Phobos Bound

On Tuesday a Zenit rocket will launch a probe to the Martian moon Phobos, with the future of Russia’s planetary program riding on the outcome.

Tony Reichhardt

Mars has not been a happy place for the Russian space program. The nation’s attempts to explore the Red Planet, going back more than 50 years, have produced a long litany of failures. The most recent misfire came 15 years ago, when the instrument-laden Mars 96 probe, instead of heading out into the solar system, burned up in the atmosphere and scattered pieces over Chile and Bolivia.

Phobos as viewed (in false color) by NASA's HiRISE camera in 2008.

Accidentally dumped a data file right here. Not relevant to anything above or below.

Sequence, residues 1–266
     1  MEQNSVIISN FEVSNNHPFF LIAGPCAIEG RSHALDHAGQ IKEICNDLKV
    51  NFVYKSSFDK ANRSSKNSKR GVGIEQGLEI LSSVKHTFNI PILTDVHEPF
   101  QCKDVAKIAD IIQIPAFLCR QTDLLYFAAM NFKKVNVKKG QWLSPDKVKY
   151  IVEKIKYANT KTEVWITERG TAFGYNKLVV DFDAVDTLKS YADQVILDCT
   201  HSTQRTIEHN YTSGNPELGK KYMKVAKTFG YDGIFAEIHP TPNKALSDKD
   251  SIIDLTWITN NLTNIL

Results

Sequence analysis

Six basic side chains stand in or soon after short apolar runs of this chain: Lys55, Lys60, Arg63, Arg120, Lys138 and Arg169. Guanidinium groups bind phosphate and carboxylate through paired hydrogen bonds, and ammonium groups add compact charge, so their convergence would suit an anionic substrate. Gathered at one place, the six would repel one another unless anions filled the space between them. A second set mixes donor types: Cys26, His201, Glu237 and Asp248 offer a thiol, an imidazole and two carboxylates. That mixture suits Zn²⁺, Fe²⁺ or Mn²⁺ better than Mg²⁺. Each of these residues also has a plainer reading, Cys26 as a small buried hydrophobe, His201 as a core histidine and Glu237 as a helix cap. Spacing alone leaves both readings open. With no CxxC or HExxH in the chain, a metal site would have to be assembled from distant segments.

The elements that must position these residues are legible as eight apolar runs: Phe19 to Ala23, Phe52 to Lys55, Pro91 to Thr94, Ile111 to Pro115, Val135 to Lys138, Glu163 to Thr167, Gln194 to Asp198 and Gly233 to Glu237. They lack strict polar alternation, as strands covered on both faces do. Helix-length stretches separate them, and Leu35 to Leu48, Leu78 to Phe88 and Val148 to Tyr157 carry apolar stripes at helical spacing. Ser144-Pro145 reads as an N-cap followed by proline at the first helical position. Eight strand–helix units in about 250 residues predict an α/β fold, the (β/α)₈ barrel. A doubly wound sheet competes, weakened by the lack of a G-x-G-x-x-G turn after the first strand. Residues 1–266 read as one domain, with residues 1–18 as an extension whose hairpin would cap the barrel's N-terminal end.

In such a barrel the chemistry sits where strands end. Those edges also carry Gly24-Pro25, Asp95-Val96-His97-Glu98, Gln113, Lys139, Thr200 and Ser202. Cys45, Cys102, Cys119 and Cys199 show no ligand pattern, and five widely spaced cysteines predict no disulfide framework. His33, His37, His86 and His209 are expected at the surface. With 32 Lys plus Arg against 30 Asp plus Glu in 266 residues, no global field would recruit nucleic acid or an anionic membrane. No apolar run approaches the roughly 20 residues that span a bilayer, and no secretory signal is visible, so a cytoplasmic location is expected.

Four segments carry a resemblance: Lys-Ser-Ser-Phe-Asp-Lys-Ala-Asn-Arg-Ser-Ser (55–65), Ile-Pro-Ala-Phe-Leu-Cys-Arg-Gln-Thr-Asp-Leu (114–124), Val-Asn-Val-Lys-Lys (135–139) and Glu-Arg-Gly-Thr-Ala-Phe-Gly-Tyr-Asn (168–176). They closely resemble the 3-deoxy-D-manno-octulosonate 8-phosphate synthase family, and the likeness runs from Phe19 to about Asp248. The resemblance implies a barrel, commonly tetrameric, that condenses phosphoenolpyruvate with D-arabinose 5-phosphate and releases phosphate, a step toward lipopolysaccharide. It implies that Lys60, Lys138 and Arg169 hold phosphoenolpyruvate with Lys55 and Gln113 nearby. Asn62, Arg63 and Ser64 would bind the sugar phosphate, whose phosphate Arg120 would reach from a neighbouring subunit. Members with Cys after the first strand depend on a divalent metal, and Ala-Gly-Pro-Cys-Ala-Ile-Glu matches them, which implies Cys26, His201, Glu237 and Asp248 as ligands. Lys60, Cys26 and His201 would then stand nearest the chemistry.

Phobos as viewed (in false color) by NASA's HiRISE camera in 2008.

That crash effectively put the Russian planetary program out of business — until now.

On Tuesday a Zenit rocket is scheduled to lift off from Kazakhstan to start the Phobos-Grunt spacecraft on its 10-month voyage to Mars. If all goes well, on Valentine’s Day of 2013, after several months of circling the planet, the lander will touch down on the surface of the moon Phobos to start collecting samples of dirt (“grunt” in Russian). Four days later, a return vehicle will lift off in the moon’s low gravity and bring the samples back to Earth.

We’ll have more details on the Phobos-Grunt mission next week. Meanwhile, here’s some background from Anatoly Zak, the author of our 2008 article, and an animation (with Russian subtitles) from the Roscosmos space agency that shows how it’s all supposed to go.

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